In a reply to a question about the sorites paradox, Professor Maitzen writes:
"Logic requires there to be a sharp cutoff in between those clear cases -- a line that separates having enough leaves to be a head of lettuce from having too few leaves to be a head of lettuce. Or else there couldn't possibly be heads of lettuce."
However, there is no justification that clearly leads from his premise to his conclusion: obviously we can have heaps of sand without knowing exactly how many grains of sand are required to distinguish a "heap" from a pile of individual sand grains, or else there would not be a so-called "paradox" in the first place!
The premise as he presents it sounds like a tautology, not a logical argument. What makes a "heap" of sand is not only how many grains of sand there are, but also how those grains are arranged. If you took a "heap" of sand and stretched it out in a line, you would have the same number of grains, but it would no longer be a "heap." You could take a head of lettuce...
I recently watched a tv show that produced a line of questioning in my head on the virtue of reality. How do we define reality? What's the difference between reality and a world that is the perfect replication of reality? What would be the difference between the two worlds? Is it truly possible to know when we are living in reality? I guess I'm mostly asking if there is work form past philosophers that I could read on the subject?
Is the Sorites paradox really a paradox, or is it more properly considered to be a logical fallacy?
By definition, the term "heap" is indeterminate. Yet the Sorites paradox tries to force a specific definition on what is by design an indeterminate concept: the very idea of defining the term "heap" as a specific number of grains of sand is fallacious, is it not?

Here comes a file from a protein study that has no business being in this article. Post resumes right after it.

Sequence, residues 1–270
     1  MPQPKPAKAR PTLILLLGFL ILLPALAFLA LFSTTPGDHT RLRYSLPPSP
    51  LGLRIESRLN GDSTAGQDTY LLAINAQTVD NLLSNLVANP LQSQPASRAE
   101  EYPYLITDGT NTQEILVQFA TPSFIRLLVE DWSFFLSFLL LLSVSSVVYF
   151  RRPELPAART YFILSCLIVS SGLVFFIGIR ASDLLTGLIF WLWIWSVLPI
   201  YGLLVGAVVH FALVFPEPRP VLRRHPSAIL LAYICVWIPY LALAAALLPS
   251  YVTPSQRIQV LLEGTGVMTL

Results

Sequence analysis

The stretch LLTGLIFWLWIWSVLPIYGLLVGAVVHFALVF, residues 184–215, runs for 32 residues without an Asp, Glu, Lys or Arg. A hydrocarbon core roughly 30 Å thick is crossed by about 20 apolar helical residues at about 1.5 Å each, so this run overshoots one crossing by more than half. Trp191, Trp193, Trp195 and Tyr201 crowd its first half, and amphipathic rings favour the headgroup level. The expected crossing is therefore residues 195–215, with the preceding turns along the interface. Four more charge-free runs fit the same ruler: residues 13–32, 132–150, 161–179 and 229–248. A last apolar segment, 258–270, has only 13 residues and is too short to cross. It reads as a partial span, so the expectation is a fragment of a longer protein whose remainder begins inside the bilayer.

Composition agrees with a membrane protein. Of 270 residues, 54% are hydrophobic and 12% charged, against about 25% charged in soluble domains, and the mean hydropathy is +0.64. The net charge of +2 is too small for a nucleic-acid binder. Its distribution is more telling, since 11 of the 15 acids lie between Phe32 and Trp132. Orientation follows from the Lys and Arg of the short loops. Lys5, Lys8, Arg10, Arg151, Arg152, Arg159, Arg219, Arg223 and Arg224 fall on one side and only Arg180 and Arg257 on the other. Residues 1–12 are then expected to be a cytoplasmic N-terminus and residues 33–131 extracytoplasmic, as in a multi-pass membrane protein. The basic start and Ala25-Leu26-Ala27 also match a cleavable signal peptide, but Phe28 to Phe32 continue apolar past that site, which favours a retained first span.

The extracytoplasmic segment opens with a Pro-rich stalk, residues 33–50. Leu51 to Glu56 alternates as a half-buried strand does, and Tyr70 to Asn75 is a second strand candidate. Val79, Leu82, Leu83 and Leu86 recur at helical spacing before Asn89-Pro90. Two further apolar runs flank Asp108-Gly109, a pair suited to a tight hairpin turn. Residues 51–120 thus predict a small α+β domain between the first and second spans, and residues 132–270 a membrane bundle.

I don't see a paradox here as much as I see confusion about how terms are defined.
How many grapes are in a bunch of grapes? How many leaves are in a head of lettuce? How many grains are in an ear of corn? How many chips are in a bag of potato chips?
in each of the above questions, the answer will vary from one example to the next, the exact number is not particularly germane to the concept.
So what makes a heap different from a bunch or any of the other examples?
Do people owe a debt for investments made in them which they never had an option to refuse?
Some examples might be:
Debt to society for paying for your childhood education
Debt to parents for raising you
Should it be considered ungrateful for someone to discontinue their affiliation with the investor if they feel that the relationship isn't beneficial to them?
My understanding is that philosophers like Wittgenstein held that thought without language is impossible. I've seen many people reply that they have non-linguistic thoughts all the time, and my guess is that what they mean is that they often "think" in imagery rather than words. For example, rather than saying with their inner voice, "I should advance my pawn," they picture a chess board with a pawn moving forward. Does this demonstrate non-linguistic thought?